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Discussion in 'Finely Finished' started by ChicknPickn, May 14, 2009.
I mean anything..lol
I used Bartleys, unthinned. Applied it and used a plastic scraper across the grain. Dry, then sand off the surface to bare wood, Thought is looked and felt good after 2 or 3 coats. Found out different when I started to spray. Multiple coats of Nitro sand and sealer followed by finsished coats filled in most if the grain
I did the same thing, got most of the grain filled with GF, then shot 2 cans of sanding sealer and sanded it most off which filled the rest of the grain. I only have a few areas where the finish looks pitted.
I used Crystalac Clear grain filler on my Zebrawood project. It did an excellent job.
Just an update - - I decided to try some cyanoacrylate. I am amazed. I think that, for filling in the stubborn grain, this might be the ticket. I tried both the gel and liquid forms of CA, decided that the liquid, surprisingly enough, is the better way to go. It sinks in better, and you have more time to work with it. The stuff is pretty hard, and tough to sand. After leveling it, I sprayed a couple of coats of shellac. Looks like a mirror now. Ready to paint. Unfortunately, humidity has arrived in Virginia in a big way, so I might have to find a climate controlled place where I can do the work.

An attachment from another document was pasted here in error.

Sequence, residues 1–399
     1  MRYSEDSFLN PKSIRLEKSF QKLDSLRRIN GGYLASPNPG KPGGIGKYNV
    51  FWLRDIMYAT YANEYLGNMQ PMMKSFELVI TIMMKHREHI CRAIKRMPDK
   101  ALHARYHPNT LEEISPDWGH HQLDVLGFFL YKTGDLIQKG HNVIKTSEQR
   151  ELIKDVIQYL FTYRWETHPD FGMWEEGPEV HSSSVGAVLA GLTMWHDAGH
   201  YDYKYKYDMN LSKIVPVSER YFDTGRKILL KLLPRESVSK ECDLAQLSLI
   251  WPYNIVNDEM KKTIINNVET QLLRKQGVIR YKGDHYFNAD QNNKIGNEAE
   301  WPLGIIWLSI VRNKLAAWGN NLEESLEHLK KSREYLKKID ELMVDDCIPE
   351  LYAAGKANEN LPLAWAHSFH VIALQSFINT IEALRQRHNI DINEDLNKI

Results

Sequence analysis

Doesn't using cyanoacrylate get pretty expensive?
I used a few tablespoons of Bartley's (natural & light mixed 3:1) on each side of this Ash body ...
After one round of the grain filler and one coat of sanding sealer, there were some low spots left (bright areas) after sanding ...
After two sanding sealer coats, looks like I got it ...
Now, just a touch of sanding at 320 (fast becoming my favorite mid-duty grit!) to knock down that orange peel, and she'll be ready for Nitro clear ...
That big knot blemish on the upper left is starting to bug me ... thinking about a decal under the Nitro to cover that up. Maybe a strapping young cowgirl ... or a desert rose ... hmmm ...
You would think so, but the stuff goes a long way. In my case, I'd already done some filling with an oil-based paste, but there was still open grain showing. It was deep enough to catch one's fingernail. I was spot filling with the CA. What was surprising to me was that the CA actually seemed to "bloom." This isn't a scientific observation, but the more I worked with it, using the edge of a credit card, the more of it there seemed to be. Five or six drops turned out to be much more than I needed for working an area maybe 8-12 inches square. I'm curious whether others have seen the same thing. The odor is intense. I put on the respirator when my nostrils started burning.
I was quite impressed by how easily the "gullies" were filled in with this stuff. I would still prefer to do the bulk of the work using shellac and paste, but when the going gets tough, I think this might be the preferred solution. I'll add that the stuff is hard - - not easy to sand.
That's looking real nice, Mudbean. I wouldn't worry about that beauty mark. If nothing else, it makes the guitar easier to identify if it gets stolen.
That's what Surf Green is for, mud.
Oh, man ... I'll save the Alder for that.
I can send you a transfer to use of my wife. I'll try to find an old one. Now she looks alot like me.